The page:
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|Cite as Baron, Writtenonsand (2021). "Drought". Appropedia. Retrieved 2021-10-20.|
Droughts have severe economic, health, and social effects due to disruption of crop / food production, drinking water supply, and other uses of water. Loss of plant/vegetation cover from droughts also contributes to soil erosion from wind and from water when rain does occur.
Most researchers expect droughts to become more common over the coming decades due to global climate change.
Long-term drought leads to desertification.
Effects of drought can be mitigated in various ways:
- Planting of drought-resistant crops
- Avoidance of water-intensive lifestyles (e.g., preferring "xeriscaping"W landscaping over grass lawns)
- Use of low-water appliances (e.g. low-flush toilets, low-flow shower heads)
- Avoiding erosion by contouring land; planting drought-resistant trees, bushes, or ground cover plants to stabilize soil; use of artificial or planted windbreaks.
- Recycling water through greywater systems.
2007 drought in Tennessee, USA[edit | edit source]
As of 2007 Orme, Tennessee was one of the hardest-hit communities in the drought-ridden southeastern United States, due to its dependence on two vulnerable water sources: a waterfall-fed creek and a natural spring that delivered up to 60,000 gallons/day (227,000 liters/day). These sources dried up to only 5,000 gallons/day (19,000 liters/day), not enough to pressurize the supply lines to the town's residents.
A temporary solution was arranged inwhich a 1961 firetruck hauls water to the town from Alabama providing enough water to keep the system running for only three hours each day, from 18:00 to 21:00 local time.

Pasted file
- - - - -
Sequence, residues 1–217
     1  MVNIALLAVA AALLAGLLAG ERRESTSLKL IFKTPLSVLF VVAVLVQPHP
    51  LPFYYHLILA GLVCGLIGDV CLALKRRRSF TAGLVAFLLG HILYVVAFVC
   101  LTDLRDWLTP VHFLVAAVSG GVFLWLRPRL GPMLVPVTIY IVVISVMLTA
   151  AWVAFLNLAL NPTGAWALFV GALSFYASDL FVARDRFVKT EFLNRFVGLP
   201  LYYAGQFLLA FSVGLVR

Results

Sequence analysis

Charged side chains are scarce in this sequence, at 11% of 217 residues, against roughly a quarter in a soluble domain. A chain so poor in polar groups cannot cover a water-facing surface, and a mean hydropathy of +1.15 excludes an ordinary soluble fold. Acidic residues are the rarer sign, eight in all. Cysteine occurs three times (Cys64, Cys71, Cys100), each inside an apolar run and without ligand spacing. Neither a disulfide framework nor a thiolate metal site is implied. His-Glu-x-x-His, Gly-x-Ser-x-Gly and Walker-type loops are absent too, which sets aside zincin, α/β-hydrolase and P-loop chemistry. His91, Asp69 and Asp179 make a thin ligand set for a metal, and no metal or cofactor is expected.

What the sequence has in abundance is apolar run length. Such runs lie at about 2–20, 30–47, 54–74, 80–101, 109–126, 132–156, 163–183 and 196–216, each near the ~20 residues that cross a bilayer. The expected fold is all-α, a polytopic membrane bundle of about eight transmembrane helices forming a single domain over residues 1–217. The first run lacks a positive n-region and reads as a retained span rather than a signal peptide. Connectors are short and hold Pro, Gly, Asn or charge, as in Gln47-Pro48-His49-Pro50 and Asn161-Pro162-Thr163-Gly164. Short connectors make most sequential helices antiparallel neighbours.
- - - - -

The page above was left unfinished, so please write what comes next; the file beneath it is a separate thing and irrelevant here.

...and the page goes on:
The mayor of Orme, Tony Reames, arranged a permanent solution in the form of a connection to the municipal system of the nearby community of Bridgeport, Alabama. In his words: "It's not a short-term solution. It is THE solution." The connection would be via a 2.5 mile (4 km) pipe between the two communities, paid for by an emergency grant of $377,590 from the USDA. The project was hoped to be completed by the end of November 2007. 
See also[edit | edit source]
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References[edit | edit source]
- Associated Press (2007-11-01). Tenn. town has water just 3 hours daily. MSNBC. Retrieved from http://www.msnbc.msn.com/id/21582319/?gt1=10547 on 2007-11-02.
- Bluestein, Greg (2007-11-01). Tennessee town has run out of water. Charlotte Observer. Retrieved from http://www.charlotte.com/nation/story/344047.html on 2007-11-01.